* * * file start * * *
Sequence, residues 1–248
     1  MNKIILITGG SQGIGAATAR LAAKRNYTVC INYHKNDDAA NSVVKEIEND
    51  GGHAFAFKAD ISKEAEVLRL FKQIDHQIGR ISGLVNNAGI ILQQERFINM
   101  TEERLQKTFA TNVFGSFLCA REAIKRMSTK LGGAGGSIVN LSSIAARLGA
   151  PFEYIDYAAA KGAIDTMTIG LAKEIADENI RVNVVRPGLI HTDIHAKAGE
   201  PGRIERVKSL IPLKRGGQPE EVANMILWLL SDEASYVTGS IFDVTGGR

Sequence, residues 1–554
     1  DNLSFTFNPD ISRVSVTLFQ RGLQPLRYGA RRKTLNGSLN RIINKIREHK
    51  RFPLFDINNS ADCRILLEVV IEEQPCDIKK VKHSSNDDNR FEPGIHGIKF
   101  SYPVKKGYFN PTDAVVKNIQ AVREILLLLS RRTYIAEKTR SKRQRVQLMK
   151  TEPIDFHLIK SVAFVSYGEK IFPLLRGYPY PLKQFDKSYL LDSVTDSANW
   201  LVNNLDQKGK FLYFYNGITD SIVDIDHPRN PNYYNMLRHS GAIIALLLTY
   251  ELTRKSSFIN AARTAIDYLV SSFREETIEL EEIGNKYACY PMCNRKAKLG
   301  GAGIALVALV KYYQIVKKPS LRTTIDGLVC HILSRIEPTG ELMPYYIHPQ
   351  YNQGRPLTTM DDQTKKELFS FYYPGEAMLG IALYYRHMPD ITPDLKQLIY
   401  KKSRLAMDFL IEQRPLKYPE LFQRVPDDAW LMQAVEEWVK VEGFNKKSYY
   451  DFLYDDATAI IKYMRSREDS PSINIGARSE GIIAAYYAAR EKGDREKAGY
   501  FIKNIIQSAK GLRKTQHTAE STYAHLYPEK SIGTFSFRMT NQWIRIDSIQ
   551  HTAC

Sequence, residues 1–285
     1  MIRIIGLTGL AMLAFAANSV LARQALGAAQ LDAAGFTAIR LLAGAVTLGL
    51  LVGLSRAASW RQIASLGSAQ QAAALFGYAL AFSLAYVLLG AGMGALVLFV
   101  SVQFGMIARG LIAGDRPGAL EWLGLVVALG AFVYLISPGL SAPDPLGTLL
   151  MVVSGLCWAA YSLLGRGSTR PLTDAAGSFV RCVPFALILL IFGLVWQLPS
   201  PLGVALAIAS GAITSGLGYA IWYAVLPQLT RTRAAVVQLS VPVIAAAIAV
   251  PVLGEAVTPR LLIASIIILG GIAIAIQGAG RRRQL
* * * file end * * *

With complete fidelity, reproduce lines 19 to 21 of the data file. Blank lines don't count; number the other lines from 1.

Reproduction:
   551  HTAC

Sequence, residues 1–285
     1  MIRIIGLTGL AMLAFAANSV LARQALGAAQ LDAAGFTAIR LLAGAVTLGL